I’ll admit: I felt deeply depressed after reading yesterday’s Guardian Long Read which portrayed how right-wing populist parties are advancing in all parts of Europe by appealing to the widespread and growing resentment of political and financial elites, co-opting the policies and rhetoric of the left, and polishing their public image by publicly breaking with the symbols of the fascist past.
Coming as the latest Hillary Clinton email revelations seem to have handed Donald Trump a last-minute advantage in the American presidential election, and after the spectacle of the clearance of the Calais refugee camp and the British government’s reluctance to do more than the bare minimum to protect vulnerable young residents of the camp, the current mood reminds me of Alexander Blok writing in 1908 of his sense an impending catastrophe: ‘In us all is a feeling of sickness, of alarm, of disaster, of disruption.’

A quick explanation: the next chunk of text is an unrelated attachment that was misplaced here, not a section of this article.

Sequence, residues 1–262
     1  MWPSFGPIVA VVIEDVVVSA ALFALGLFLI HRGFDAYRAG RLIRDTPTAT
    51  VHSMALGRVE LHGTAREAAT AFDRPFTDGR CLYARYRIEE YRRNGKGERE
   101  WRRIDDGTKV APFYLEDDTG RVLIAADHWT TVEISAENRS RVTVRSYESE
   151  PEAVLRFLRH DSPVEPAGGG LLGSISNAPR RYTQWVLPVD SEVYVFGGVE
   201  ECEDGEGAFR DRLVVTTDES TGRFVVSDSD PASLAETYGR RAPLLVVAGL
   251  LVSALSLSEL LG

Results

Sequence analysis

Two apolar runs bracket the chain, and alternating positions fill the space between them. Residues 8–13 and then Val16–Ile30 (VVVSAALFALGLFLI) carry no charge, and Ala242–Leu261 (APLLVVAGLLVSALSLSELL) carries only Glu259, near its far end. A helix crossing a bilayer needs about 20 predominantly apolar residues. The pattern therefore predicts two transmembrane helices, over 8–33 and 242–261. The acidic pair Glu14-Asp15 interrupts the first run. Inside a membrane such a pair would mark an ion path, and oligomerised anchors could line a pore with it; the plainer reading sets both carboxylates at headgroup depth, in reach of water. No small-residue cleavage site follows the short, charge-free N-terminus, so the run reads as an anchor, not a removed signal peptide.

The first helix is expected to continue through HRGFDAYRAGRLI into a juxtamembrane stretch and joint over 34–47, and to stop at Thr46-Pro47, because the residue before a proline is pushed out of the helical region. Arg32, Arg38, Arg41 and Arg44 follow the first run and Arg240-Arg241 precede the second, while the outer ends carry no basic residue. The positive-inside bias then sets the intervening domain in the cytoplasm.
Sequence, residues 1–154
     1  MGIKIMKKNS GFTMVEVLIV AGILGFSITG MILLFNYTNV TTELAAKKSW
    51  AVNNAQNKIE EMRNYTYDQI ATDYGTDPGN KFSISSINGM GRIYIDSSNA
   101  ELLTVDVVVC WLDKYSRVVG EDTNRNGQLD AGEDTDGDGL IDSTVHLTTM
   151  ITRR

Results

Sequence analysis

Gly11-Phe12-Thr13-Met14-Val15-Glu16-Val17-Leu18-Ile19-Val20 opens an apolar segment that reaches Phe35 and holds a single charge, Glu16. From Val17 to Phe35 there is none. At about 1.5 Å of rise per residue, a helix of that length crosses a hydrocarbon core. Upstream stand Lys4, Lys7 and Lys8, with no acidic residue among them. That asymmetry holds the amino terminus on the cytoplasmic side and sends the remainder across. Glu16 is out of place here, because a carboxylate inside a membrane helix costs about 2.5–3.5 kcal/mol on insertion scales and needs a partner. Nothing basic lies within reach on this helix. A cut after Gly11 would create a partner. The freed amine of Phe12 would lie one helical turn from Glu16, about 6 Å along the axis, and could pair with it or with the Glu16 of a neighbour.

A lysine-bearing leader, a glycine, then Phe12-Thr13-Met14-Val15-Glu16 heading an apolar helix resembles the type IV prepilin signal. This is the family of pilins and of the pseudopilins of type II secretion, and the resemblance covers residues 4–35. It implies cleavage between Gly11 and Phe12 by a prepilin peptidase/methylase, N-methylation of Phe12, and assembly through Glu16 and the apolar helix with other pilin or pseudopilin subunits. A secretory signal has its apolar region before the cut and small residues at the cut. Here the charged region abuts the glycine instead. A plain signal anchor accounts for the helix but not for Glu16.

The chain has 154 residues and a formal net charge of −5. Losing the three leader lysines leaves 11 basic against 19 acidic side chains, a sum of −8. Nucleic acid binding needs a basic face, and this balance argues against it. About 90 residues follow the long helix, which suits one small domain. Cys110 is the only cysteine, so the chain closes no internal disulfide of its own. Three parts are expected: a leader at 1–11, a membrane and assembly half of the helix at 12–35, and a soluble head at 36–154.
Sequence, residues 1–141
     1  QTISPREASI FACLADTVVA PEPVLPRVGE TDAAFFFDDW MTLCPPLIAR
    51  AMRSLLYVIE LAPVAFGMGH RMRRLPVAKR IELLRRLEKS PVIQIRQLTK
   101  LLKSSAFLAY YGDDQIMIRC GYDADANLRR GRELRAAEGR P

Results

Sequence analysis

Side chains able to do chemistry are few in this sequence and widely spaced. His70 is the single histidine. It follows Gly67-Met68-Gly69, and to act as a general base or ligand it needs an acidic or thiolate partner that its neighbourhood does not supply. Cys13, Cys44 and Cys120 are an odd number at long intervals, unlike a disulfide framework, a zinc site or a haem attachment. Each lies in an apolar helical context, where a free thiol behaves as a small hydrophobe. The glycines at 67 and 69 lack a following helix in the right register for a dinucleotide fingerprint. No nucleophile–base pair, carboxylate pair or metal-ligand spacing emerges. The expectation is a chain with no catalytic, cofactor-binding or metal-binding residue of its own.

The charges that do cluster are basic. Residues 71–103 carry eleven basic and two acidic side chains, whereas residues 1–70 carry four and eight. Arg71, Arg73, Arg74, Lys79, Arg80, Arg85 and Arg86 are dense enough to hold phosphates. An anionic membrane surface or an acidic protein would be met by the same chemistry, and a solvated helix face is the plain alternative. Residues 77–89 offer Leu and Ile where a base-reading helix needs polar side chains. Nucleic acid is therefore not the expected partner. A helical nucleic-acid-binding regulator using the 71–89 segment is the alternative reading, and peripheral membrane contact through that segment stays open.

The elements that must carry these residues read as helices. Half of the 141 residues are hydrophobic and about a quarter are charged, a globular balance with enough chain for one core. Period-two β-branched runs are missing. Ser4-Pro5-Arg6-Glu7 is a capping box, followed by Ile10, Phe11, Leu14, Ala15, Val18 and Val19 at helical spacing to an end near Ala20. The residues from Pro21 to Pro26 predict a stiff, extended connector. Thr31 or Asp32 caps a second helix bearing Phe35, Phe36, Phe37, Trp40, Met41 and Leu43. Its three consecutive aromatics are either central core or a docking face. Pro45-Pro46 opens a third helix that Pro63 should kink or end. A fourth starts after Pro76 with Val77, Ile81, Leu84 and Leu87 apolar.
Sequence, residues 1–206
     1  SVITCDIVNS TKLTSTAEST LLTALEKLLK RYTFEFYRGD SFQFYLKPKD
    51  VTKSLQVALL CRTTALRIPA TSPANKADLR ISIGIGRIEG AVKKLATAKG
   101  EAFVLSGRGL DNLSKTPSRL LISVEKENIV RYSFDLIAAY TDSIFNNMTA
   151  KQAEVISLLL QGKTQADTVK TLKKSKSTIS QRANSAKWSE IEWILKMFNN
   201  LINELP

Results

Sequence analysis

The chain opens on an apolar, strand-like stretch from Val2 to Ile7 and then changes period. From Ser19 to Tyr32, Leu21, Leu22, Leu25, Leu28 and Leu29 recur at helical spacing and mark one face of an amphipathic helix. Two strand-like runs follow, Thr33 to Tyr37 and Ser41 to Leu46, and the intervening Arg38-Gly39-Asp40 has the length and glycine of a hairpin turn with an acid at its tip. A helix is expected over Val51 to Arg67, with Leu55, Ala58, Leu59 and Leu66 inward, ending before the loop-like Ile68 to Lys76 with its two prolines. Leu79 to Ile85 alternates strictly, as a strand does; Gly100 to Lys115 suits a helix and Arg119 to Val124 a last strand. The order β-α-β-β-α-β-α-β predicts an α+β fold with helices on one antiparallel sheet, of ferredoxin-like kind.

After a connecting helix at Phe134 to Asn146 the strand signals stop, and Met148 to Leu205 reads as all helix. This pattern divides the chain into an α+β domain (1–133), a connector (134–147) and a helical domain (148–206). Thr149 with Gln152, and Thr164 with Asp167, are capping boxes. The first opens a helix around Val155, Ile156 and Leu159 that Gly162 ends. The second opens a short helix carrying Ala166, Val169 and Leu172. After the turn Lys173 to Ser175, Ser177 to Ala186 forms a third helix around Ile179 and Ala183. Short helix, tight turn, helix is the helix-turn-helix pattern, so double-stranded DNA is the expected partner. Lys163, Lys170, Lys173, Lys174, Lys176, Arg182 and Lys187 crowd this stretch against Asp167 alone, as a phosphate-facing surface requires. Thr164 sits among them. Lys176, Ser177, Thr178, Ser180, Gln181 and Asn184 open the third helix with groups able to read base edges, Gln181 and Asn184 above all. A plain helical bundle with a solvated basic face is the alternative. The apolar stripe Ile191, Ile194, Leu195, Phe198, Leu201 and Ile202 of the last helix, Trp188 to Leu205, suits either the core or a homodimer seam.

The moment seems perilous indeed. Further warnings of dangers that might easily force their way from the past into the present were contained in a piece written by the Labour MP Richard Burden following his recent visit to Srebrenica, and in news of the death of one of the last survivors of the Nazi death camps who became one of the most active UK-based witnesses to the Holocaust. Continue reading “‘In us all is a feeling of sickness, of alarm, of disaster, of disruption.’”
My first thought on hearing that Bob Dylan had been awarded the 2016 Nobel Prize for Literature was a little sceptical: I love the guy’s lyrics which have made a huge impact on me (just see the many entries on this blog) but does writing songs constitute great literature? Continue reading “Bob Dylan: only a song and dance man?”
A song of harmony and rhyme
In haunts of ancient peace.
– Van Morrison, ‘Haunts of Ancient Peace’
Last week we spent an all-too-short four nights based in the Black Mountains region at the eastern end of the Brecon Beacons. It’s an area that has inspired poets and painters, diarists and novelists: Bruce Chatwin called this area one of the emotional centres of his life.